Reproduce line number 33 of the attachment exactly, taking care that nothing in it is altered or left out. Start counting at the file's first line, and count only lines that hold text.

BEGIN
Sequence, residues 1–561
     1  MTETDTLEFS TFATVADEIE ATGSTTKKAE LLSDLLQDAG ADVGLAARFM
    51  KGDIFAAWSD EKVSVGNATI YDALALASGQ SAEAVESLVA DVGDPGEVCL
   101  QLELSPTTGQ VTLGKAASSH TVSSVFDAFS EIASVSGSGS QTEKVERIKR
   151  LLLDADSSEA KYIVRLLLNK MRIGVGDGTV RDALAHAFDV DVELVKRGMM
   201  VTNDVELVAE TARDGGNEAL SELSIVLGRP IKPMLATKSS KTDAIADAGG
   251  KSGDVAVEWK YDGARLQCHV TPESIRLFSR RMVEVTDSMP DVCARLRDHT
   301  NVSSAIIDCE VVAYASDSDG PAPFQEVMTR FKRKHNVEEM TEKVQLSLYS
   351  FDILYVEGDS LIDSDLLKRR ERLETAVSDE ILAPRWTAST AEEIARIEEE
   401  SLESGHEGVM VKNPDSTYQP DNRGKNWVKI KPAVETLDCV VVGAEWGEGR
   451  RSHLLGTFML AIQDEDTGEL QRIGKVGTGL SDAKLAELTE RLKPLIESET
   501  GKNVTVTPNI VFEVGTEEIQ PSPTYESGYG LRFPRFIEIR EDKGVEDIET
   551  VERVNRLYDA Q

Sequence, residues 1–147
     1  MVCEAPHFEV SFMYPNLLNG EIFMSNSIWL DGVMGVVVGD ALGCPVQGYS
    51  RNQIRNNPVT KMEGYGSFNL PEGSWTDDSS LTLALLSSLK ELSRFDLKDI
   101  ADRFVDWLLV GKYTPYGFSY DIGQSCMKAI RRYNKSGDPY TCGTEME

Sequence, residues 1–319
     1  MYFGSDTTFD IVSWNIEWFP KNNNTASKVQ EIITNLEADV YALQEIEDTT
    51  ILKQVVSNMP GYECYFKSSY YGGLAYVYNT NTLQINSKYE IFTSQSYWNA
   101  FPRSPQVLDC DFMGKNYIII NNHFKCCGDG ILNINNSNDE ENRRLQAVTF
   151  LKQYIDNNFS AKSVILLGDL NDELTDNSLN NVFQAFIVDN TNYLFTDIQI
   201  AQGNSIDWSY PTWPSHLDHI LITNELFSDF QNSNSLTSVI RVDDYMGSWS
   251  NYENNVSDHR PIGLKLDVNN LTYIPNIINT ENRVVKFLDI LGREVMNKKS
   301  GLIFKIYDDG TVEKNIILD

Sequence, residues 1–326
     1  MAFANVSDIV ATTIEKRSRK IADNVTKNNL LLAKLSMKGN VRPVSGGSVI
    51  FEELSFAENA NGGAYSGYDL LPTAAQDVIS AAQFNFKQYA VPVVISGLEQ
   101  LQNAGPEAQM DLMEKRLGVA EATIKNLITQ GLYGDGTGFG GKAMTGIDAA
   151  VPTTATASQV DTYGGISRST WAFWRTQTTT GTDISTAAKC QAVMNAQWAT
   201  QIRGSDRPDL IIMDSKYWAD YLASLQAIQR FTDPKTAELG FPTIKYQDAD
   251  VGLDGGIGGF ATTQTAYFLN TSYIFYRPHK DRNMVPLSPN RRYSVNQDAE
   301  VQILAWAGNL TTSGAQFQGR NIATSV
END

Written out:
   301  VQILAWAGNL TTSGAQFQGR NIATSV